Created on 07 Nov 2017
Building a miniature gravitational wave detector
A gravitational wave detector is made up of a Michelson Interferometer, acting as a Febry-Perot cavity, that detects changes in phase of a laser travelling between 2 orthogonal sets of mirrors. We aim to build a realistic gravitational wave detector, that would work in the same way (but on a much smaller scale) to the experiment that won the 2017 Nobel Prize in Physics. The detector would be connected to a Raspberry Pi that stores the signal and analyses it. Realistically, the detector would be able to measure distortions in spacetime, on the order of the diameter of a proton, at a frequency on the order of kHz. We also plan to convert this signal into an audio signal, and release educational material based on it.
After over 30 years of work done by thousands of engineers and scientists, gravitational waves were detected and were one of the biggest breakthroughs in science this century, and won the 2017 Nobel Prize in Physics. In our project, we hope to solve and understand some of the engineering challenges that went into that discovery, on a much smaller scale.
## Engineering challenges
#### Basic Michelson Interferometer
In most basic terms, a gravitational wave detector is a set of 2 Michelson interferometers, with laser going through a beam splitter into 2 mirrors, and the phase of both compared when they get reflected back. Major engineering challenges, however, exist, to make the detector much more accurate than a michelson interferometer, and to eliminate systematics, such as:
#### Seismic Isolation
The mirrors has to be suspended as to minimize the effect of inhomogeneities in Earth's motion. This also involves creating a feedback system of circuits (active and passive dampers) using 3 test masses to eliminate systematics due to light earthquakes, lightning, trains passing by, etc.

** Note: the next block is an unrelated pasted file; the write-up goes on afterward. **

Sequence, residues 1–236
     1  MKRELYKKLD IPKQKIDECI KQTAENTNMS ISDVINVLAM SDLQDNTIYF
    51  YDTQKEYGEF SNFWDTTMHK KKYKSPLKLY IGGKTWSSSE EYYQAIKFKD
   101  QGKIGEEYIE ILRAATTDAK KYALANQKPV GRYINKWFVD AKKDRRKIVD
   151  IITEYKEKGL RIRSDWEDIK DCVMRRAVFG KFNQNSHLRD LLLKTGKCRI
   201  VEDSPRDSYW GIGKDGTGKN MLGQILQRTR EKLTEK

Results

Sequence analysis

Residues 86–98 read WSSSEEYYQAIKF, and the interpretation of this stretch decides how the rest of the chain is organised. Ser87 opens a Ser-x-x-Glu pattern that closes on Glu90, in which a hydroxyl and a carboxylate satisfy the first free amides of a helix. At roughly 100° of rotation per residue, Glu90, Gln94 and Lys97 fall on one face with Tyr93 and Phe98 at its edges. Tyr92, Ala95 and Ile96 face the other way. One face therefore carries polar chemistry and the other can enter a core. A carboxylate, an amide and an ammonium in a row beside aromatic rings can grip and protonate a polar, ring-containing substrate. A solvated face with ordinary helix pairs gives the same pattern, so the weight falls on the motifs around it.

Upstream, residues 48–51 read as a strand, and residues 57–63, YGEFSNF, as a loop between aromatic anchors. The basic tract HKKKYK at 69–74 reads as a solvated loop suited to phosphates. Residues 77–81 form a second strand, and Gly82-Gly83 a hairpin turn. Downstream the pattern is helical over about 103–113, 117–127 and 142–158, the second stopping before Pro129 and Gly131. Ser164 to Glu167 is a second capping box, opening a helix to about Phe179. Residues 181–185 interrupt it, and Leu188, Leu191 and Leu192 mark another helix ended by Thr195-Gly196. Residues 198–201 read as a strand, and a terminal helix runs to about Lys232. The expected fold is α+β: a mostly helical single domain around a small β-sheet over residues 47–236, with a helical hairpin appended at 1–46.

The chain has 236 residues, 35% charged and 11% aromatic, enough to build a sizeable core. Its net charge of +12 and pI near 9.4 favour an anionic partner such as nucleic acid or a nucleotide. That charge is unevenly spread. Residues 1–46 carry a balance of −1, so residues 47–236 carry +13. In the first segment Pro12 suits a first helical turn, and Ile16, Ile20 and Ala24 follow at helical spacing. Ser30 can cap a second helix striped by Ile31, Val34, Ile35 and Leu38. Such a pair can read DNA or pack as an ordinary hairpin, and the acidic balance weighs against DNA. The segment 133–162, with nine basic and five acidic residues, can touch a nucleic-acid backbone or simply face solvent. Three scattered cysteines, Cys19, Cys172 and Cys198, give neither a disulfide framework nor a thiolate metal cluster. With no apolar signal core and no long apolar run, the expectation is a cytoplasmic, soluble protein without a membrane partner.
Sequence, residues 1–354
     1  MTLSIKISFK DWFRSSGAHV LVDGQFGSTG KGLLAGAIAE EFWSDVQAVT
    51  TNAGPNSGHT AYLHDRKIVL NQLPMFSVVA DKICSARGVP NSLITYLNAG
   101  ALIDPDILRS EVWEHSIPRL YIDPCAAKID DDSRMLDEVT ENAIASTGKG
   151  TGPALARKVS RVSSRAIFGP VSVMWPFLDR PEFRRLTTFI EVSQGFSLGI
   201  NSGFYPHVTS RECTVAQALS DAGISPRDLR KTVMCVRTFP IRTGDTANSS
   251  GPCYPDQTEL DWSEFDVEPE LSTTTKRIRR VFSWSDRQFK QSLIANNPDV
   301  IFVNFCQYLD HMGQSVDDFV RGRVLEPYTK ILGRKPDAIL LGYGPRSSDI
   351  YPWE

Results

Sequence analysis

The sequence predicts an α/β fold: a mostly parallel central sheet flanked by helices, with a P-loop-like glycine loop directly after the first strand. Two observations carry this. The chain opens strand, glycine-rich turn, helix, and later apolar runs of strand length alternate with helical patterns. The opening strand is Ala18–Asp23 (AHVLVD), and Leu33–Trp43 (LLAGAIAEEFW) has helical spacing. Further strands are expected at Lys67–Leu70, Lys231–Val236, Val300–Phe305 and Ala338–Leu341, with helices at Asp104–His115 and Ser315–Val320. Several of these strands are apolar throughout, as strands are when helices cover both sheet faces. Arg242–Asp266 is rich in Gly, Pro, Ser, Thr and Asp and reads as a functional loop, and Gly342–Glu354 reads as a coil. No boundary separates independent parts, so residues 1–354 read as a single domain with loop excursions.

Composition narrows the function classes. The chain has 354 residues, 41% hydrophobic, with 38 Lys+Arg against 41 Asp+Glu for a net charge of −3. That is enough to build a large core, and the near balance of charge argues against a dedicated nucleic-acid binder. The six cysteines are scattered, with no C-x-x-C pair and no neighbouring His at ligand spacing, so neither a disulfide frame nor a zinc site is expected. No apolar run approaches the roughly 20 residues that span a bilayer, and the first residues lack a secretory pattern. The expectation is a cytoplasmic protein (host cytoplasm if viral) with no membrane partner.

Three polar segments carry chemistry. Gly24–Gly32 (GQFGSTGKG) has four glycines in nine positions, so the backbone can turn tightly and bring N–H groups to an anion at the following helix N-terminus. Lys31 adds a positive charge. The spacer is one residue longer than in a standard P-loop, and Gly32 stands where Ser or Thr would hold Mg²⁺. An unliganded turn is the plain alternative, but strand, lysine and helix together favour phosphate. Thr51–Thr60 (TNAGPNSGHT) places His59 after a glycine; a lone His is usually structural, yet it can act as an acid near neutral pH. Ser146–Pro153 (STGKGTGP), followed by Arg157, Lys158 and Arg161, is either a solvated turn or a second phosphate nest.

Including developing techniques to control devices under high power lasers, and designing an as lossless as possible Febry-Perot cavity. This is so the light can be reflected back-and-forth on resonance hundreds of times before the phase is compared, this increases the accuracy of the detector by a factor of the number of reflections, assuming nearly perfect mirror reflectivity.
## Data collection & analysis challenges
The signal will be full of systematics, part of these are due to e.g. seismic signals, lightning, etc. and have to be taken out of the data.
Pulsars create continuous gravitational wave signals, that can only be statistically detected as an excess on the stochastic background signal. We can use the time delay between the two detectors to either detect gravitational waves from pulsars (due to rotations), or stars (due to magnetohydrodynamic fields), or set upper limits on potential gravitational wave signal emitted from certain pulsars.
At the end of the week we hope to have a raspberry pi running and doing analysis in real-time on the measured signal.
We're planning to release our project in open source format in the form of Jupyter notebooks which will provide educational material for building a gravitational wave detector and doing data analysis on it.
We also plan to transform the gravitational wave signal from miniLIGO into audio signal (since the frequency is actual audible), and create an app where people can listen to the gravitational wave signal.